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Study Shows Benralizumab is Effective as a Treatment for Eosinophilic Granulomatosis with Polyangiitis, a Rare Form of Vasculitis


Researchers have shown that the drug benralizumab is as effective and safe as mepolizumab for inducing remission in patients with eosinophilic granulomatosis with polyangiitis (EGPA) according to a study published today in The New England Journal of Medicine. The results of the non-inferiority study were presented at the American Academy of Allergy, Asthma & Immunology annual meeting in Washington, D.C., by Michael Wechsler, MD, pulmonologist, director of The Cohen Family Asthma Institute at National Jewish Health and lead author of the paper.

EGPA is a rare form of vasculitis, characterized by inflammation in the small blood vessels. This inflammation causes restriction of blood flow, which can cause organ damage if left untreated. The cause of the disease is unknown, and it affects people differently depending on which organs are impacted. It is estimated that 50,000 individuals suffer from EGPA.

Oral glucocorticoids and medications that suppress the immune system have been the standard treatment for EGPA, but they can come with damaging side effects. Targeting inflammation caused by eosinophils (a type of white blood cell) is another well-recognized treatment for EGPA, and mepolizumab became the first FDA-approved treatment for EGPA in 2017. Benralizumab is currently approved for the treatment of severe eosinophilic asthma, suggesting it might also be a treatment for EGPA.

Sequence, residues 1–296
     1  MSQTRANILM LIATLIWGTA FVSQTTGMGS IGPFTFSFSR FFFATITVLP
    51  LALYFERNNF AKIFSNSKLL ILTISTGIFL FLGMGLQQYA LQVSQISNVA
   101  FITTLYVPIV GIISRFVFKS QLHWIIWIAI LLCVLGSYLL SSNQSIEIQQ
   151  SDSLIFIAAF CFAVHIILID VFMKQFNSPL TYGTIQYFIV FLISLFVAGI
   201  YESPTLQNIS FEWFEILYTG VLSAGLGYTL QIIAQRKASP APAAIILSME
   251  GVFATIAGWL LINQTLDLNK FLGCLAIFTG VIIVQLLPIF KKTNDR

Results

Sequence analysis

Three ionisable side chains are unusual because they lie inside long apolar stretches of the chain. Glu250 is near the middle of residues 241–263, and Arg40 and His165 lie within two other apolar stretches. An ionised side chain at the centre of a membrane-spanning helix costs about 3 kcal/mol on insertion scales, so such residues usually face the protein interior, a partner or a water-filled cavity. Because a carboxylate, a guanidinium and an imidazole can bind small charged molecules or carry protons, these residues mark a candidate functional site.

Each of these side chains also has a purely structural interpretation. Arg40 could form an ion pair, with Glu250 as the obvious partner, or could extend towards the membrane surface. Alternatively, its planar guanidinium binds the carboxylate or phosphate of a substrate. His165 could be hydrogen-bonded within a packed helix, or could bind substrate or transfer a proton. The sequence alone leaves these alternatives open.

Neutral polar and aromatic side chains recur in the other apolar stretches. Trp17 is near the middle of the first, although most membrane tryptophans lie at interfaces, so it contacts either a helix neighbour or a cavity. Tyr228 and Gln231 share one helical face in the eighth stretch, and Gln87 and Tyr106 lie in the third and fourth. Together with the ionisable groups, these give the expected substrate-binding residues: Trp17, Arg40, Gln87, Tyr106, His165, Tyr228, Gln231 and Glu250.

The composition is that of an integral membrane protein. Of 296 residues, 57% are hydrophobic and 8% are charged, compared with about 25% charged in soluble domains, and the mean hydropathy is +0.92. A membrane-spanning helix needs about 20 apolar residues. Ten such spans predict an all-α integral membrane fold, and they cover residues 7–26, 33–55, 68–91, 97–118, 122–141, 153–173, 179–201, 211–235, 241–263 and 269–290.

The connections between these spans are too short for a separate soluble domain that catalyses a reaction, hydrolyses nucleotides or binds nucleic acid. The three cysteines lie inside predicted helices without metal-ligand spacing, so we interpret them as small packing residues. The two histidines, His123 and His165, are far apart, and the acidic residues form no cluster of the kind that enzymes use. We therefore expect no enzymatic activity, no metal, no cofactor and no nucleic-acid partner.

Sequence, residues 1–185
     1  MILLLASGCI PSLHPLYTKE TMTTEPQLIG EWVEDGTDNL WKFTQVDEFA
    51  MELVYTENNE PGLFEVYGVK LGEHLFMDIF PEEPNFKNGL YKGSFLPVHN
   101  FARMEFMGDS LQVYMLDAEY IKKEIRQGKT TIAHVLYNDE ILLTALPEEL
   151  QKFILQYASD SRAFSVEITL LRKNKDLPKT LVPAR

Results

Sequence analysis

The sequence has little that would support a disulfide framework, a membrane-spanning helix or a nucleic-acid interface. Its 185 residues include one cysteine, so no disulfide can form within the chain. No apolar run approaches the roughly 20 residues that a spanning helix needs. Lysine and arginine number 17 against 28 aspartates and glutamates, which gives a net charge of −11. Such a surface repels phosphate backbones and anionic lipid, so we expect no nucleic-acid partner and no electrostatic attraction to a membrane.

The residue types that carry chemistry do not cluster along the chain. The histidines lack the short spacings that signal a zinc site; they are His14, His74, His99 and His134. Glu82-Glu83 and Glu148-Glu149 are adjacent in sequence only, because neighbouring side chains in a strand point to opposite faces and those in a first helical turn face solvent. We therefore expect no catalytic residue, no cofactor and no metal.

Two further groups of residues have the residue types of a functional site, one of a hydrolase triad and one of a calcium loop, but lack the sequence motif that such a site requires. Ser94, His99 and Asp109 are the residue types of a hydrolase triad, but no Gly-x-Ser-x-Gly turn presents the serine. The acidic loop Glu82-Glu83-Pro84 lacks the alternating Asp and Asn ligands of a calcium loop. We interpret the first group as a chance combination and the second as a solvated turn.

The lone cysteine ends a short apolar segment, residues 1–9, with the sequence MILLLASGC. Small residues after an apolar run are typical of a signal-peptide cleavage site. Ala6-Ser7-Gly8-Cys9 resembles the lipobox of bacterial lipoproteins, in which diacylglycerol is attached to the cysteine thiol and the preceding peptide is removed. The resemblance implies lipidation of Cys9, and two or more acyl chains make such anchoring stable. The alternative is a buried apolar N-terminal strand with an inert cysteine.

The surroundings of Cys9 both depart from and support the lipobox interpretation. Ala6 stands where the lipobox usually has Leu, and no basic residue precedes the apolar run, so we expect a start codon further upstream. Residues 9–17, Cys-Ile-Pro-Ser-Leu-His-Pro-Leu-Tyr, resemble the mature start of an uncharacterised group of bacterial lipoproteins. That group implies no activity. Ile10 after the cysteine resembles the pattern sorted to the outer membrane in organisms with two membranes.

“By showing that benralizumab has comparable results to mepolizumab in the safe treatment of EGPA, we have added another potential option in the arsenal to help patients of this rare disease,” said Dr. Wechsler. “While both drugs showed similar disease remission, relapse and safety impacts, we observed benralizumab did a better job in reducing the need of oral glucocorticoids and lower blood eosinophil counts. This was achieved using fewer injections of benralizumab, which also could be a benefit to the patient.”

The study randomized 140 patients who received either one 30 mg injection of benralizumab or three 100 mg injections of mepolizumab every four weeks for 52 weeks. The primary analysis was to evaluate the non-inferiority of benralizumab versus mepolizumab. The results suggest that targeting eosinophils as a therapeutic strategy in EGPA can lead to a higher number of patients achieving remission, and a lower number experiencing relapse. Achieving these results while seeing substantial reductions in oral glucocorticoids use provides further evidence of the role of eosinophils in EGPA.

“Though further studies are needed, our results indicate that eliminating oral glucocorticoids may now be an achievable treatment goal while using eosinophil-targeted drugs for EGPA,” said Dr. Wechsler.

This study was sponsored and funded by AstraZeneca.

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